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Unlike other advanced countries such as United States, Japan and Australia, Korea never had substitute holidays system. That means when a public holiday overlaps with Sunday, the holiday was just lost for employees.
This changed with the passage of a bill for substitution of overlapping holidays at the National Assembly in 2013. “A Regulation on Closure Days for Public Offices” was amended accordingly based on the bill.
The substitute holiday system in the regulation stipulates that the substitution is not for all overlapping holidays but only for Lunar New Year’s Day (Dec.31, Jan. 1 and 2 of the lunar calendar), Korean Thanksgiving Day (August 14, 15 and 16 of the lunar calendar), and May 5 (Children’s Day). As a result, in 2014, there was only one case of substitution, which was taking a day off on September 10 instead of September 7 (Thanksgiving day) that fell on Sunday.
The regulation stipulates that overlapping of Lunar New Year’s Day (three days) and Korean Thanksgiving Day (three days) with Sunday or other public holidays shall make next working day after the successive holidays as a substituted holiday. As for Children’s day, overlapping of the day with Saturday, Sunday, or other public holidays shall make the next working day after May 5 as a substituted holiday.
There is one thing to remember about the relationship between the above-mentioned regulation and actual holidays at private enterprises. According to the labor-related laws, there are only two types of legal holidays that employers should allow to employees. They are paid weekly holidays (usually Sunday) and Workers’ Day (May 1). Public holidays in the regulation are not mandatory holidays for private enterprises. It is up to employers of those companies to make those public holidays days off for employees or not by inserting a relevant article in the rules of employment or in the collective bargaining agreement.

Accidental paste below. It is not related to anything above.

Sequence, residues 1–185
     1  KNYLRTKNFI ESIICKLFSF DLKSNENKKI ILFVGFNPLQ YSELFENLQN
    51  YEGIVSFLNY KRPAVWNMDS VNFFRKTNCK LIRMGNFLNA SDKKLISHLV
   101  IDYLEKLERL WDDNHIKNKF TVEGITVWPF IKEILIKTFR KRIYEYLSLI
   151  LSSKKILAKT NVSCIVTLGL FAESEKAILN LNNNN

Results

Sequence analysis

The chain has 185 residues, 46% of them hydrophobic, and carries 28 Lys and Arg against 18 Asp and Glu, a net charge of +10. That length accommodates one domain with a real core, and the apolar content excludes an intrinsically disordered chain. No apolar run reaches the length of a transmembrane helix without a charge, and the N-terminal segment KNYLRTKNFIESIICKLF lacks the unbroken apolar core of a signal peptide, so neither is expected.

For example, an employer may stipulate holidays like this in the rules of employment.
1. weekly paid holidays
2. worker’s day
3. holidays based on the Regulation on Closure Days for Public Offices
In this case, the substitution system will also apply to the workplace.
On the other hand, an employer may just enumerate holidays without mentioning the regulation.
1. Weekly paid holidays
2. Worker’s day
3. Lunar new years’ days
4. Korean Thanksgiving Day
.. and so on.
In this case, the substitution system does not apply to the company.
In closing, here is a list of holidays based on the Regulation on Closure Days for Public Offices for 2015.
1. Jan.1 (New year’s day)
2. Feb. 18 to 20 (Lunar new years days)
3. March 1st. (Independence movement day)
4. May 5 (Children’s day)
5. May 25 (Buddha’s birthday)
6. June 6 (Memorial day)
7. Aug 15 (Independence day)
8. Sept 26 – 29 (Thanksgiving days: Sept 27 overlaps with Sunday hence a substitute holiday on Sept 29)